Yoga — When you’re pregnant, your body produces a lot of the hormone Relaxin. This hormone is responsible for (as the name suggests) relaxing your ligaments and joints, to facilitate childbirth. This hormone can remain in your system six months postpartum, leading to unstable joints. As such, exercises with jerky movements aren’t always right for postpartum women. A lot of women find yoga to be a great postpartum exercise, as it encourages relaxation, strengthens core muscles and prevents back pain. Keep an eye out for a specialist post-natal class and always make sure your teacher is aware of your background before starting.
Swimming — Swimming is a great low-intensity cardiovascular exercise that works your lungs and gets your heart pumping without putting too much stress and strain on your joints. Swimming can also improve muscle tone for postpartum women.
Brisk walking — Don’t discount the value and benefit of light aerobic exercise such as a walking. Walks can be highly effective, especially for women who have not had a strenuous exercise regime for a while. It’s also an exercise you can do with your baby in tow. Not only will walking help to shift body fat, but it will always boost your mood. Try and walk on a daily basis, even if it’s just round the block, at a pace that is reasonably challenging, but don’t over do it – you have to take it easy and many women won’t be up to this for many weeks – work at your own pace
Simple Post-Natal Exercise Routine
Once you get the go-ahead from your doctor, here is a simple, no-nonsense routine you can follow to get yourself prepared for more physical activity down the road. Complete as many repetitions as you can for 60 seconds.
- Glute bridge (option glute bridge with arm raise)
- Clams (option clams with elevation)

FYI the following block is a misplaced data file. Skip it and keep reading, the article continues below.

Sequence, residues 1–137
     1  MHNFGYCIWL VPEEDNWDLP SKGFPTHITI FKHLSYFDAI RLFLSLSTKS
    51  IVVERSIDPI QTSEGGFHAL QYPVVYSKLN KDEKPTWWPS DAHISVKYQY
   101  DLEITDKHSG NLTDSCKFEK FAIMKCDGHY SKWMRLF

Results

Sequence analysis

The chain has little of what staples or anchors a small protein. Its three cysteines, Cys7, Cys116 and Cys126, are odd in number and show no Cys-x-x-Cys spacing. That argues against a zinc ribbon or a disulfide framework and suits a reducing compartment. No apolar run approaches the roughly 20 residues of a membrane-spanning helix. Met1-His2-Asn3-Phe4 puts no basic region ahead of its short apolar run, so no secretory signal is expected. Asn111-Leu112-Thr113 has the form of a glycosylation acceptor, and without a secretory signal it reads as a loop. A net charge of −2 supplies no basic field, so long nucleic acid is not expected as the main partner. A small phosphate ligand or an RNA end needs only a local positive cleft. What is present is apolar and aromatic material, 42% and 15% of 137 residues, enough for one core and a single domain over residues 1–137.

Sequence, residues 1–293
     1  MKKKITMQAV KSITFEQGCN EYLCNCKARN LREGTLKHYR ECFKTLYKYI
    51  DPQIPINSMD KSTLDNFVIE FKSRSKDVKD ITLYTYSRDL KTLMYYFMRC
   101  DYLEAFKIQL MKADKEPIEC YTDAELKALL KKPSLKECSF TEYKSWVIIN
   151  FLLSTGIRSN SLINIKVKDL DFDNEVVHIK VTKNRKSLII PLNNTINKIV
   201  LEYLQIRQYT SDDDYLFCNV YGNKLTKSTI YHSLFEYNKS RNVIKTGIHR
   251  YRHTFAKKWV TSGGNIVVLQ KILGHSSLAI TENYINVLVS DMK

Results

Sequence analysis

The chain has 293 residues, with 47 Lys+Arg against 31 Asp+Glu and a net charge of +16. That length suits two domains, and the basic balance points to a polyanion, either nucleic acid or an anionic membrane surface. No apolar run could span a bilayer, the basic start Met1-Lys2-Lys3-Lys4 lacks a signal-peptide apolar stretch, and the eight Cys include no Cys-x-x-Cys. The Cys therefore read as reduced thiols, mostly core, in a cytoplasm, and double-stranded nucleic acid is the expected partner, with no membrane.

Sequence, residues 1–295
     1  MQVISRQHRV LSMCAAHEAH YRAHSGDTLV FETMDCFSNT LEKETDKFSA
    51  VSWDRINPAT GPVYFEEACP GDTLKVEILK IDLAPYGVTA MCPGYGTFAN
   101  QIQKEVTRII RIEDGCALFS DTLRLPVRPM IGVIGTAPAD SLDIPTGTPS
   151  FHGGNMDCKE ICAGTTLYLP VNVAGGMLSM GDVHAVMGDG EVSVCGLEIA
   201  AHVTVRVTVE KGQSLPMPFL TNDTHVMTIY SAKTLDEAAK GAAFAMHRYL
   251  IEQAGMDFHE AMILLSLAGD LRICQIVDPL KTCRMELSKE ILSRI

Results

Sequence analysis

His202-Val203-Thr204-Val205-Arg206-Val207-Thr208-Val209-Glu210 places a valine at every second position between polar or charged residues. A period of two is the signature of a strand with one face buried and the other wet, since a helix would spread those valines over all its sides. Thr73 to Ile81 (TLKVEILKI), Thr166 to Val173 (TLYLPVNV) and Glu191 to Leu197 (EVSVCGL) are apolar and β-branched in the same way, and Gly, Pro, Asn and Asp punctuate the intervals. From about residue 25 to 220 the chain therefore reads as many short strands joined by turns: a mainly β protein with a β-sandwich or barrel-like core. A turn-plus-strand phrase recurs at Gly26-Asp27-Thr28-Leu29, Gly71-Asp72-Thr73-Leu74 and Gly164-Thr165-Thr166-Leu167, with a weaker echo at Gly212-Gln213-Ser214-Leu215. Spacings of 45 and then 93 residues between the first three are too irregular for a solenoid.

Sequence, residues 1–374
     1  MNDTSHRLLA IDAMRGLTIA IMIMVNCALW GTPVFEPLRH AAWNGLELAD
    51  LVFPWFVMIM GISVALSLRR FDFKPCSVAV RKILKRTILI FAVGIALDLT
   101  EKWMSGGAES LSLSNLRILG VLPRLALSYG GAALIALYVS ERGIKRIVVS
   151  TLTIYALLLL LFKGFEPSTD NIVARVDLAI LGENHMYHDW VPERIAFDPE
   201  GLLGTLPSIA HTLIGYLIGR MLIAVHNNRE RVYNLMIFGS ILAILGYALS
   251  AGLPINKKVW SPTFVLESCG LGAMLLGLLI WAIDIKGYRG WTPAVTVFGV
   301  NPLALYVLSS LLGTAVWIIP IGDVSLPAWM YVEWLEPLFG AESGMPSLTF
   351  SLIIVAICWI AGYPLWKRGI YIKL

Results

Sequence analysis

- Static lunges, option walking lunges
- Pelvic tilt (option 1 – C curve), (option 2 – roll downs)
- Deadbugs, option deadbugs with arm raise
- Press with leg extension
You may notice some of the most common exercises missing from this list- for good reason. Take for example crunches, as much as you might pine for a flat stomach, doing crunches before your diastasis recti – the split in the stomach muscles that occurs during pregnancy – has closed (which usually happens around six weeks) could make the gap even bigger so avoid this exercise. You also want to steer clear of high impact exercise such as running until 12 weeks after the birth to avoid injury.
Postnatal Exercise Recommendations (What to Remember)
When starting your postpartum exercise programme, you need to keep in mind the following:
- Everyone is different and is capable of advancing at different rates. Listen to your body so you can rehab properly.
- Be realistic and patient. It took you forty weeks to get to this point, so it could take as long to shed the weight you gained. Your body will still be recovering so give yourself time to enjoy your newborn without giving into the pressure to bounce back into shape straight away.
- Pushing yourself too hard at the start can set you back in the long run.
- If you decide to breastfeed, put weight loss out of your mind until you’ve either stopped breast-feeding or are reducing the amount your breastfeed. Losing weight means dropping into a calorie deficit and if you do this whilst breastfeeding, there’s a good chance your milk flow will be affected or even stop before you start to lose a pound. This doesn’t mean you can’t exercise – train to boost your mood and fitness levels, help your body recover and strengthen, and focus on weight loss when you are ready to.
- Stay hydrated at all times — this is especially important if you are breastfeeding.
We support our clients with Fertility, Ante- and Post-Natal programmes with expert care from conception to Christening and so we’re able to monitor you closely with expert advice for you and your baby. We help remove many of the concern mothers can have with continual expert support throughout.